I chose Byron Katie and the Sedona Method today because they are two that I do believe in. On the face of it their techniques have much to do with CBT, questioning the negative thought processes that lead to anxiety and depression. But in fact they go much deeper. Firstly their questionative processes are more long winded and more thorough than those that tend to be used in CBT, and secondly they go more into the core of ourselves, instead of being purely symptomatic treatments. Being something of a cross between psychotherapy and cognitive therapy and dealing with the underlying issues that I believe are important for many. They are worth a look.

Social Anxiety Disorder

Only the most arrogant, self important, or deeply self centered people are not at all shy. The rest of us tend to think twice about speaking in front of groups of new people and get sweaty palms. Of course teachers and others who speak in front of groups get completely used to it and it become second nature. For some people though interacting with others whether individuals or groups can be absolutely terrifying. The symptoms are not dissimilar to other anxiety disorders (for a symptoms list click here.)

The results of having a social phobia or social phobia disorder can be widespread depending on severity. Feeling unable to interact with colleagues can of course harm a career, also forming lasting relationships with potential partners and making friends can also be hard.

What can be done about it?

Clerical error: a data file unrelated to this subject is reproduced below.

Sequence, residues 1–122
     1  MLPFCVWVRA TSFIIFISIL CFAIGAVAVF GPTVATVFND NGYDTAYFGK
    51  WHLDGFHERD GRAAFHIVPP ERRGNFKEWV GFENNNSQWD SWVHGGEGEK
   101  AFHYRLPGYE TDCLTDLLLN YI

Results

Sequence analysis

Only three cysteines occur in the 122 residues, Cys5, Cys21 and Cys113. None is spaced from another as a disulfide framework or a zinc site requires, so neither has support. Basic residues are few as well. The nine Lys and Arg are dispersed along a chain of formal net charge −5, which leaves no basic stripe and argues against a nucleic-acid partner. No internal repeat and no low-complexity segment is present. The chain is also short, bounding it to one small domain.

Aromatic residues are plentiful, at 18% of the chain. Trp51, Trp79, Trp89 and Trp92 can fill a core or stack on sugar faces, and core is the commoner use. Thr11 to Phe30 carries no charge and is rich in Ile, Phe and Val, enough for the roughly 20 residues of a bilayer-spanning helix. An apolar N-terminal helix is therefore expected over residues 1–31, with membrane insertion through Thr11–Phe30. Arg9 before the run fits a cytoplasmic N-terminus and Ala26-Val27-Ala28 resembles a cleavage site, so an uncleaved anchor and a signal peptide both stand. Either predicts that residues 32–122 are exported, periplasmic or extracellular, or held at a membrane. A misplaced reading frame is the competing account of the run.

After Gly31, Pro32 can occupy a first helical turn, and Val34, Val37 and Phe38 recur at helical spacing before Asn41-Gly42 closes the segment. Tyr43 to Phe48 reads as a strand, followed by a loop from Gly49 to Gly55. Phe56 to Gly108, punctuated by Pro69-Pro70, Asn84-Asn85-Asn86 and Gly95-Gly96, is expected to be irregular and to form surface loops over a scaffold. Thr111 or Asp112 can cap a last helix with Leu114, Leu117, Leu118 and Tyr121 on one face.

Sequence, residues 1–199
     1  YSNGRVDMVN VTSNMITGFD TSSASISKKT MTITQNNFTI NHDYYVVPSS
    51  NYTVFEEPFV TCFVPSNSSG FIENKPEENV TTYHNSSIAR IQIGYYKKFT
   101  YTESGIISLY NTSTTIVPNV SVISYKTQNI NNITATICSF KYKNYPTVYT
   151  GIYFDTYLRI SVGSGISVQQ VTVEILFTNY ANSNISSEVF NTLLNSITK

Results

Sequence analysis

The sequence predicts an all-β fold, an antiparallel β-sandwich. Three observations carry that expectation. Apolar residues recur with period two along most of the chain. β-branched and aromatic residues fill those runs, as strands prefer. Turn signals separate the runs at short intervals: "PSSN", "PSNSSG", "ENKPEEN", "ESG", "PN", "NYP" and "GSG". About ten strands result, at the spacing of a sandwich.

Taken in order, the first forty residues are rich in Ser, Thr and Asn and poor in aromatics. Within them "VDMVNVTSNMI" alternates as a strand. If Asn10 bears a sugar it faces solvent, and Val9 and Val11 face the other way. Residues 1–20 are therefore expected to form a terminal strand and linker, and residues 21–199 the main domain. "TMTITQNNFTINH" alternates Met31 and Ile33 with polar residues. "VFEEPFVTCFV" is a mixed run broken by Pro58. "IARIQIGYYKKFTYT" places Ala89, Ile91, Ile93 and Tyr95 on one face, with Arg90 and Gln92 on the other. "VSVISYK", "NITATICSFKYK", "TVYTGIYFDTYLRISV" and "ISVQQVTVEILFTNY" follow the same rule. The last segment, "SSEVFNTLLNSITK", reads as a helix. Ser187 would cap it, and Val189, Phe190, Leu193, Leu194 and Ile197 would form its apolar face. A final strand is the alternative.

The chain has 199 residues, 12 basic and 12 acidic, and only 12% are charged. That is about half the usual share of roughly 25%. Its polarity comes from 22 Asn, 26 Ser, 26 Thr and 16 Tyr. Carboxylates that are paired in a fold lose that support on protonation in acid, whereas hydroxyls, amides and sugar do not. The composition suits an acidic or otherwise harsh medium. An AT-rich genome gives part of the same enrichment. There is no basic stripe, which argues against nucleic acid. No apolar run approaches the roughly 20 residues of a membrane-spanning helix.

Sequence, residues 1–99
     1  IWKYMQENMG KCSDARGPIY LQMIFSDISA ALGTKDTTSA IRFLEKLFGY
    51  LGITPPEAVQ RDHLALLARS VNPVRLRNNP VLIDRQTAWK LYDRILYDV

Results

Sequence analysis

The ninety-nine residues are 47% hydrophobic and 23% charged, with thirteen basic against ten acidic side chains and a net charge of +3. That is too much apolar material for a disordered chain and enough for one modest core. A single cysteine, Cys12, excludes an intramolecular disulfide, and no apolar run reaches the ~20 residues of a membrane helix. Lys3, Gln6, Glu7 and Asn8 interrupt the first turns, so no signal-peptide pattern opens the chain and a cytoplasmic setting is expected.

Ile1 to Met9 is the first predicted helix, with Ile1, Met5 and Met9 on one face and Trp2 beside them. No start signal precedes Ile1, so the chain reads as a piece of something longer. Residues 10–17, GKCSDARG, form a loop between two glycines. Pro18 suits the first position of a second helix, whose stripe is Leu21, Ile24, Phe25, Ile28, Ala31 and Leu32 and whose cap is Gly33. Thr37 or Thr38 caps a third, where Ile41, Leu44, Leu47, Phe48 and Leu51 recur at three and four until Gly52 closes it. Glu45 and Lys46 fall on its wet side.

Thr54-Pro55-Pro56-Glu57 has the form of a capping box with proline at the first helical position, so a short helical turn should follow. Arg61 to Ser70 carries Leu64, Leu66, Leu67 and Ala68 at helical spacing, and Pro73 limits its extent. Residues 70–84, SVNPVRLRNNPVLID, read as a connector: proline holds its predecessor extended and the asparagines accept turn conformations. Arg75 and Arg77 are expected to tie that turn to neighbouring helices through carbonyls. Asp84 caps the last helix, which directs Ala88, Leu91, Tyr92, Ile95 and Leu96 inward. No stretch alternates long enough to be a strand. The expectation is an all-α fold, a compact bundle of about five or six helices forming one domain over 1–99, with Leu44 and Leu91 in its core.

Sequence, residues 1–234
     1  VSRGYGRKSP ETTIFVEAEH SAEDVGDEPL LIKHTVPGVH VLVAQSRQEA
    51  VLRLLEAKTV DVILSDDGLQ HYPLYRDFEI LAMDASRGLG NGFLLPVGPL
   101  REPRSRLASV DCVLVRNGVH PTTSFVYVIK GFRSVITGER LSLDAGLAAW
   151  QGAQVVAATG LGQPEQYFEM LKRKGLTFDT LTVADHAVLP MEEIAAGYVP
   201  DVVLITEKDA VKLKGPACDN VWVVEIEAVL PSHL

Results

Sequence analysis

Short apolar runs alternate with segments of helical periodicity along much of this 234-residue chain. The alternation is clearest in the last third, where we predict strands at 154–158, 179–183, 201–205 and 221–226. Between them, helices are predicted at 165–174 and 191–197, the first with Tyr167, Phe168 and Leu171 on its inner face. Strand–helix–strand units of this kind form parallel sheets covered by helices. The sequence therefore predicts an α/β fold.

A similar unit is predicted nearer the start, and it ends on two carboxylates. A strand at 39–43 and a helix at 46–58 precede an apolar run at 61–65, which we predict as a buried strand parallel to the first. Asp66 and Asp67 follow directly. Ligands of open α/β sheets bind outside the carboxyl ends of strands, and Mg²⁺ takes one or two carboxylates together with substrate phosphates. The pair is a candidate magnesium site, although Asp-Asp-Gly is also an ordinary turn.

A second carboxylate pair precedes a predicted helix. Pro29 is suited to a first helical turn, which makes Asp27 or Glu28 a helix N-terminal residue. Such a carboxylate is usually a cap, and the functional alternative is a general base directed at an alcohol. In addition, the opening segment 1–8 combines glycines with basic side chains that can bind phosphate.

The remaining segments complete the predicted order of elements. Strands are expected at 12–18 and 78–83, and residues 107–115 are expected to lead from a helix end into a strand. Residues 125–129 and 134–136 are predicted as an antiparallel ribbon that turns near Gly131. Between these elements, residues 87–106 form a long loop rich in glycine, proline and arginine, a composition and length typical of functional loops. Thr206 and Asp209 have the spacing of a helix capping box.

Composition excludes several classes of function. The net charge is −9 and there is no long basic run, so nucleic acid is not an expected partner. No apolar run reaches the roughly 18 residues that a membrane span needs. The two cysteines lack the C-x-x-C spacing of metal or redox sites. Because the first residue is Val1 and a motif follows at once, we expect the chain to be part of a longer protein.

The typical treatment is normally a combination of drugs and Cognitive behavioral Therapy. Which can quickly change behavior and relieve the anxiety.
Drugs will normally be of the SSRI type.

Relaxation techniques are probably not going to be particularly helpful but therapies which uncover some underlying cause (if there is one) may well help or even solve the problem.

Why not check out Social Fear for more info!

Anxiety Herbs

Herbs for Anxiety? Nice idea huh, maybe if you take some harmless, side effect free herbs all your problems will melt away! Well, some people swear by it, and as I am about to add a herbs section to Anxiety 2 Calm I thought I’d do a bit of investigation.

As ever, when it comes to complimentary or alternative medicine there is a mind-blowing array of choices and advice that is so conflicting that at first it can seem that there is no true answer. The problem is that a lack of research means a lack of generally accepted dosage instructions or evidence of efficacy.

The unscientific nature of herbal healthcare is actually something of a bonus! Doctors with their statistics and their labels see everything in black and white and end up with a lot of self fulfilling prophecies, placebo effect, disappointment and lack of understanding. With herbs you take what you are going to take and see if it does anything. If you do a bit of research and buy from reputable outlets you are unlikely to come to any harm and it might just work.

Some of the best herbs for anxiety are Kava Kava and Valerian.